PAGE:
What amazes me is how transformed he was by discovering that he was his mother’s son and his mother’s lover, his children’s father and his children’s brother. Most men would be humbled by this, to put it very mildly. And by gouging out his eyes, it seemed that Oedipus did too.
But the streak of awful sanctimoniousness that infects that family – and which Oedipus had been, aside from a few sharp words when finding out his fate, been very good at suppressing – came to the fore. The silly, shrill Antigone had it in spades, of course. But I don’t blame her for what happened. I did it all myself.
By the time of that business in Colonus, Oedipus was in full pity-me mode. Killing his father and sleeping with his mother – anyone else would have killed themselves, but Oedipus took out his eyes. Always with an eye – if you excuse me – always with an eye for appearances. No, they couldn’t be bothered with running a city anymore. Couldn’t be bothered with the courts, with laws – aside from divine laws, of course, or rather whatever Oedipus and Antigone wanted to do, and to hell with everyone else. Not a concern of them, of course. Leave that sort of thing to Creon. The man who cleans up after the house of Laius. And for my pains? You have, no doubt, heard the well known story.
They say that it was destined by the gods. Don’t believe it. Oedipus, wandering around Greece, could easily have not come across Laius in his caravan. And if I had only reined in my own madness, Antigone would be my irritating daughter-in-law, irritating us all in Thebes with her histrionics. But I didn’t.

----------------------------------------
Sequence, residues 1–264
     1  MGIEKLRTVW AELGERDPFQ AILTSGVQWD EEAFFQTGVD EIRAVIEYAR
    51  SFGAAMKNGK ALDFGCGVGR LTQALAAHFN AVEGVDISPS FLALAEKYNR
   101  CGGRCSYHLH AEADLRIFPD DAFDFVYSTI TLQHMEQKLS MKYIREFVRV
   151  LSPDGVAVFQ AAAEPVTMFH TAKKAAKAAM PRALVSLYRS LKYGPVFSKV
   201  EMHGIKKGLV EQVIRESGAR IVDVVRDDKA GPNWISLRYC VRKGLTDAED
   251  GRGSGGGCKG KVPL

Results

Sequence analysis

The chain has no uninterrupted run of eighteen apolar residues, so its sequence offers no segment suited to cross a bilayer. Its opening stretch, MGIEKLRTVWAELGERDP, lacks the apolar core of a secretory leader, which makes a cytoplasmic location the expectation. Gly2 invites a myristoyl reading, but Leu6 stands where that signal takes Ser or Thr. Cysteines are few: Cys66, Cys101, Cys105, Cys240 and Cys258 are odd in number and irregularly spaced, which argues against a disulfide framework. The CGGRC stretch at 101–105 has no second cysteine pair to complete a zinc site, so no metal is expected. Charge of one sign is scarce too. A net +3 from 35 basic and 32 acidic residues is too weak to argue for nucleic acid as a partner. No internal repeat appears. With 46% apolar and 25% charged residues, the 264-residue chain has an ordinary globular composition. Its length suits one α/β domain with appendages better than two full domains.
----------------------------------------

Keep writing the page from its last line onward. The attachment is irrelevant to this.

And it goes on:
And I am as much a descendant of the gods as they were. Ares and Aphrodite were my great-grandparents too, you know. The god of wine is my cousin – well, not quite cousin, but his children would be my second cousins. Does he have any? Who knows? They never call to me, do they? Abandoned by the gods as I am, due to my horrible crimes. And all that.
Not all of them were that bad, really. I liked Ismene. And Etoceles, now that was a loss. Polyneices? A nasty little runt. An unpleasant thug a Even if he hadn’t taken arms against his own city he would have deserved to lie there unburied. Lie there, for the crows and for the dogs. I think I hate him most, looking back. Oh, Oedipus and Antigone, always shouting and standing on their dignity and all that, all very annoying. But they were great. Their greatness wasn’t entirely illusory. Polyneices? He deserved what he got.
Yet it’s hard to talk about Polyneices much. He was a colourless type, really. The other two – well, say what you want about them, and the gods know I can say plenty – they did impress themselves on your memory. They had something beyond the usual human qualities. You would not forget them.
But I go ahead of my story. And I am weary, so weary. Let me sleep tonight, and tomorrow night, over your evening fire, I will tell you the first part of my tale. The awful tale of Oedipus, King of Thebes, his mother’s lover, his father’s killer.
LET US BEGIN!